* Investors sued ABN, S&P after losing $14.9 mln in derivatives
* Federal court in 2012 said S&P, ABN “deceived” investors
* Friday’s ruling say ABN, S&P will each be liable for 100 pct of losses (Adds details about compensation, comment from the litigation funder IMF Bentham)
By Swati Pandey
SYDNEY, June 6 (Reuters) - Australia’s federal court on Friday dismissed appeals by Standard & Poor’s and ABN Amro after investors successfully sued the ratings company and the Dutch bank over credit derivatives that lost almost all their value in the run-up to the 2008 financial crisis.
The court also ordered the pair to completely compensate the investors for their losses, and not just be liable for 33 percent as decreed in the first ruling.
S&P and ABN Amro had both appealed after the Federal Court in November 2012 found they had “deceived” 12 local government councils that bought ABN Amro credit derivatives, saying they should never have been given triple-A ratings by S&P.
The case was the first time a rating agency had faced trial anywhere in the world over the complex financial products widely cited as one of the factors that triggered the crisis. In the original ruling, the 12 councils in New South Wales state were awarded a total of about A$30 million for losses and damages.
“The significance of this judgement cannot be overestimated,” said Amanda Banton, partner with legal firm Piper Alderman which is representing the local councils.
“The implications for other claims currently in the court are enormous,” she added.
S&P said it was disappointed with the ruling, but did not specify whether it would appeal again.
“We continue to believe that it is bad policy to enforce a legal duty against a party like S&P, which has no relationship with investors who use rating opinions, yet impose no responsibility on those investors to conduct their own due diligence,” it said in a statement.
Calls and an email to ABN Amro out of normal business hours went unanswered. The bank was one of a number of Dutch lenders that were nationalised as part of a government bailout in the 2008 crisis.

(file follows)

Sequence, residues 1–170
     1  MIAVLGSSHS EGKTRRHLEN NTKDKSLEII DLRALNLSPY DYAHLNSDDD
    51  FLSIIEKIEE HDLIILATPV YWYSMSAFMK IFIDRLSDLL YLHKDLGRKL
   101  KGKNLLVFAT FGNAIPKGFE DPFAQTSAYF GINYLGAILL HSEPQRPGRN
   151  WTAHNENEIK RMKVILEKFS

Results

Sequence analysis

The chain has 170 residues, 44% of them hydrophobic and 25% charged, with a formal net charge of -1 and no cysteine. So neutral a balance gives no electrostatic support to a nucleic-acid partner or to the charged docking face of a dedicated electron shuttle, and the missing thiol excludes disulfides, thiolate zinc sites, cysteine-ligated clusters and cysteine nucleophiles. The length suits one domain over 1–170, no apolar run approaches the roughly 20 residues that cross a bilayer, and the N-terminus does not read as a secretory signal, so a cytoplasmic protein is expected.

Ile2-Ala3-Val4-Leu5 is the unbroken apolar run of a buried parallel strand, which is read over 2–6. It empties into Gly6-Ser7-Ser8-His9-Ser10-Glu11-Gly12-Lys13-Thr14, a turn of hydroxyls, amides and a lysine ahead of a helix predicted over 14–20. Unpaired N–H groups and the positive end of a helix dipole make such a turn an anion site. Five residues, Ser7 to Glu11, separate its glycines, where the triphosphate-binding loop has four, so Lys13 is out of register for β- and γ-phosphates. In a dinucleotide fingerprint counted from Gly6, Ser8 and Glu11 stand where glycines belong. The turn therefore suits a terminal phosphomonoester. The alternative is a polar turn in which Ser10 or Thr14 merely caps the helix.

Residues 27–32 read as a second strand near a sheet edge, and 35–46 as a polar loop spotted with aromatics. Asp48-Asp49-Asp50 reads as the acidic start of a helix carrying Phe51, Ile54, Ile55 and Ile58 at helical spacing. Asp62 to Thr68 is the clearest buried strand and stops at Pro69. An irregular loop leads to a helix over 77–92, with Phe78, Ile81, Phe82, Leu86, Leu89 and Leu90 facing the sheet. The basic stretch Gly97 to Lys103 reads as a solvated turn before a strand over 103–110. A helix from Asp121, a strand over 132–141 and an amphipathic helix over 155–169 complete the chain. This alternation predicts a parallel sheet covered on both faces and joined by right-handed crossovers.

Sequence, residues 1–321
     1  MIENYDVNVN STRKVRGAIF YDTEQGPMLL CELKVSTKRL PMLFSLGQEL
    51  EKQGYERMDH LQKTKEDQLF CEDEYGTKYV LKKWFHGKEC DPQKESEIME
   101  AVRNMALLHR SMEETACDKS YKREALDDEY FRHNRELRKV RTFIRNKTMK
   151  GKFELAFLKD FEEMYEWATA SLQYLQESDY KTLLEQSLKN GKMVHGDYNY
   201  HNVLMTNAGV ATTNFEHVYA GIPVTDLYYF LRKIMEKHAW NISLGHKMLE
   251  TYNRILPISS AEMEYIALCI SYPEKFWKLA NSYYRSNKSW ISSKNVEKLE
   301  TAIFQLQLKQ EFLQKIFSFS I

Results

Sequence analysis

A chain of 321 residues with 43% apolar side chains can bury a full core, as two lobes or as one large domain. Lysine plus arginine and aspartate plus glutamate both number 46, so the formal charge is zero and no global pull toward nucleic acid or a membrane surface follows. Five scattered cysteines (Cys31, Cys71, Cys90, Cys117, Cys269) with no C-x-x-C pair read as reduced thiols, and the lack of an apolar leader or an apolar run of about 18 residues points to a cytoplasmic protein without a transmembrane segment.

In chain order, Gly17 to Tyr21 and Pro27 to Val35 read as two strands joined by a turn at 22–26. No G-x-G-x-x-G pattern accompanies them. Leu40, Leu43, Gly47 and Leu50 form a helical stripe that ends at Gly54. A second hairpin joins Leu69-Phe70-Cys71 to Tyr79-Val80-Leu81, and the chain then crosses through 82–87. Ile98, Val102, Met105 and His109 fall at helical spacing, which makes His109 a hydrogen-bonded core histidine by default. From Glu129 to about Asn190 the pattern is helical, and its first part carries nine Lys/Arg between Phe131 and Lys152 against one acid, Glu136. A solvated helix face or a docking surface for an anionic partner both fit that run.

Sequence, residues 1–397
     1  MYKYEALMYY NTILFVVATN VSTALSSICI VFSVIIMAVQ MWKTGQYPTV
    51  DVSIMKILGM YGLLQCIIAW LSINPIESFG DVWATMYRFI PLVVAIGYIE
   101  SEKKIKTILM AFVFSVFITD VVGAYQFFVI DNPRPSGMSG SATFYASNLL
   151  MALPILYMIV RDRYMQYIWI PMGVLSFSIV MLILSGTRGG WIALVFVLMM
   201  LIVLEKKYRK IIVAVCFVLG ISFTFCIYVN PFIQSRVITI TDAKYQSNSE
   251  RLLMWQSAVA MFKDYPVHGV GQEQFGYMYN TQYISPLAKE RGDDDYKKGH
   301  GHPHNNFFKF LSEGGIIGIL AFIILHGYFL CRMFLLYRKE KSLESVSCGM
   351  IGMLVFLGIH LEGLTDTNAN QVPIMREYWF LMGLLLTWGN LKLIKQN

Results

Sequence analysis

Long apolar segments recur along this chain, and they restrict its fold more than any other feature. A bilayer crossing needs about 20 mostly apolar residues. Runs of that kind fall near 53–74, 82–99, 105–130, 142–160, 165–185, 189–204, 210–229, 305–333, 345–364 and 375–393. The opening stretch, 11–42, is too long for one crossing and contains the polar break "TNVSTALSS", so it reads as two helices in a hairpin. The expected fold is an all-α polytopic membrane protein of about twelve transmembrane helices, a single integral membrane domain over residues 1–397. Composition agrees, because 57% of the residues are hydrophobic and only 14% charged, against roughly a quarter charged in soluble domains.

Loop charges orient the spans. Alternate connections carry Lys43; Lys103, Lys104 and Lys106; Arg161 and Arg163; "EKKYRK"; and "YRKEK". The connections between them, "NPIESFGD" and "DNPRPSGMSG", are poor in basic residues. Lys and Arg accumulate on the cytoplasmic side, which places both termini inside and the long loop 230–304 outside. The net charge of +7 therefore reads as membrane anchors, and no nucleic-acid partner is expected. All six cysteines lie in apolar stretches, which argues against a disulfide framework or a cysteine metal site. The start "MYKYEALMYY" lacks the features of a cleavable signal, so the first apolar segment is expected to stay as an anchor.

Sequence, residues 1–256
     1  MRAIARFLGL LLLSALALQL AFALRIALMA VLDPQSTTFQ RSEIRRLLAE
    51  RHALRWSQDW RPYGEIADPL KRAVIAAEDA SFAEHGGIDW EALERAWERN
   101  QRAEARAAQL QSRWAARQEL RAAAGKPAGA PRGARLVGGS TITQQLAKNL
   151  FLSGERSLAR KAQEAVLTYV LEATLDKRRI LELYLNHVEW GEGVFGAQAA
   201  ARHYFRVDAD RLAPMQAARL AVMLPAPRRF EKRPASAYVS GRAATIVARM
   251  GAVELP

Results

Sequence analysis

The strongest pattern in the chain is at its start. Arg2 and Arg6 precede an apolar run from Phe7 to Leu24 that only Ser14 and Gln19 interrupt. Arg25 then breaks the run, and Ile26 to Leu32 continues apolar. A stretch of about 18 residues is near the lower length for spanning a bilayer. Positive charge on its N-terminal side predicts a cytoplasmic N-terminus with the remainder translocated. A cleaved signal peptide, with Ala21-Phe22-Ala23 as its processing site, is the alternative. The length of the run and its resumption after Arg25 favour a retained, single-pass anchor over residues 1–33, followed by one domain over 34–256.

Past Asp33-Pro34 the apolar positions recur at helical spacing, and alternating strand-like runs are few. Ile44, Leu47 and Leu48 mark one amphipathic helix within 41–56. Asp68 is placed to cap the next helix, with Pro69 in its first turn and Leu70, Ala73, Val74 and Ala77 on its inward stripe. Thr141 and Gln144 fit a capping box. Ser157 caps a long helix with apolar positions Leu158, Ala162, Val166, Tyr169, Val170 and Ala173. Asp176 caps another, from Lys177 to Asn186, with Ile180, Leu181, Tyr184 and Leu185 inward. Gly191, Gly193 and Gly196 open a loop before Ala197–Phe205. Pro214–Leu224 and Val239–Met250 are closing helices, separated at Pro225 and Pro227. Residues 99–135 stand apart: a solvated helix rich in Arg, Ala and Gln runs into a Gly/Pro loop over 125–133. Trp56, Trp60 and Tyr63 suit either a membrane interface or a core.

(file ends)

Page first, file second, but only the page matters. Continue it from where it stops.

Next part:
John Walker, executive director at Bentham IMF, which is funding the claim, said S&P and ABN Amro could make another appeal by seeking leave to the High Court, but he said that was very rare.
In a separate case, a second Australian class action lawsuit against S&P was filed in April last year. Last December European institutional investors also sued Royal Bank of Scotland and S&P in Amsterdam for damages of up to $250 million suffered on sophisticated financial products.
On Friday, the Australian judges reviewing the appeals ruled that S&P and Amsterdam-based ABN Amro had misled the local councils that bought triple A-rated notes created by the bank called “constant proportion debt obligations”.
The councils were assured by the Australian Local Government Financial Services, an investment manager which sold the so-called “Rembrandt” notes arranged by ABN Amro in late 2006, that they had a less than 1 percent chance of defaulting. Within six months, they had done just that and the councils lost A$16 million ($14.89 million), or 90 percent of the funds they had invested.
“S&P’s rating of the Rembrandt notes was unreasonable, unjustified and misleading and ABN Amro knew that to be so,” the judges said on Friday in a 513-page ruling. ($1 = 1.0743 Australian Dollars) (Reporting by Swati Pandey; Editing by Kenneth Maxwell and Miral Fahmy)